How To Combat Radicalization In Cyberspace

It has been said time and time again, in the digital age, we are connected in more ways than ever before. There are those who argue that with the incredible advancement of technology, on an almost daily basis, we are increasingly living in intense and dangerous times.

By using cyberspace, there is an ease to which organizations such as Isis can hypnotize the young, angry and disillusioned into finding “security” in extremist activities. These organizations pray on the weak and preach hatred and brutality, (particularly of western ideals) under the guise of religion.

British Prime Minister, Theresa May has spoken publicly about the need to regulate the internet by putting in place “new international agreements,” in light of the recent London Bridge terror attack in which eight people were killed and forty-eight were injured in a vicious and shocking attack.

“The incident came less than three months after five people were killed in a similar vehicle-ramming attack in Westminster and less than two weeks after a bombing in Manchester killing twenty-two.”

These attacks have become more frequent, particularly in densely populated areas that are frequented by tourists. Ms. May states that by “introducing new rules for cyberspace, it would deprive the extremists of their safe spaces online,” and that technology firms were not currently doing enough.”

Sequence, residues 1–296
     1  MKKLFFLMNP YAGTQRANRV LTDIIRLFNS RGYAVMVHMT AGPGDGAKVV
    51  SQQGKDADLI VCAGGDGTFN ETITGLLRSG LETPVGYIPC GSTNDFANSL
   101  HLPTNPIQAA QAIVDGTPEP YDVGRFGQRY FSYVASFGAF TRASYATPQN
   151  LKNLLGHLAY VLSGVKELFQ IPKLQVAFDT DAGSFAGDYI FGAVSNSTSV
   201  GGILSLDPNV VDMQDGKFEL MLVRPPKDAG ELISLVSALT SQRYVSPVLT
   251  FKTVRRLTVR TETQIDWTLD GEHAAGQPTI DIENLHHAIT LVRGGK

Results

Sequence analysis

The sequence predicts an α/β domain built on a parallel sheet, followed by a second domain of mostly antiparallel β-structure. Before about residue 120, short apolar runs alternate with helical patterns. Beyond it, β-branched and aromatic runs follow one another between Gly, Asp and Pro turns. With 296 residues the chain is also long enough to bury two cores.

She met with French president, Emmanuel Macron back in June, for a bilateral meeting at San Domenico Palace Hotel in Taormina, Italy, “to tackle radicalization with fines for tech companies that do not take action.”

The tech giants on top of this list are Facebook and Google, and will face strict penalties if they “do not step up efforts to combat online radicalization.”.  In particular, the two leaders have discussed implementing a “new legal liability” for such companies, “that fail to remove inflammatory content, which could include penalties such as fines.”

Prime Minister May is also focusing on YouTube, which to this day, is still showing illegal propaganda videos “for banned jihadi and Neo-Nazi extremists.” She has stated that the British, along with the French government, are in alignment in their “total condemnation of terrorism and our commitment to stamp out this evil.”

After the London attack, Prime Minister May gave a speech in which she “vowed to clamp down on internet hatred. She accused big internet companies of giving terrorist ideology “the safe space it needs to breed” online.”

There are critics of Ms. May’s desire to clamp down on the platforms that promote free speech, including British MP, and former Liberal Democratic leader, Tim Farron. He has expressed that her plan for further regulation of the internet was state censorship, and was “not the answer.”

There is a fine balance in the desire to keep the world safe from terrorist activity, and in allowing all people to freely express their opinions, however frightening they may be.


Leave a Comment

This is a test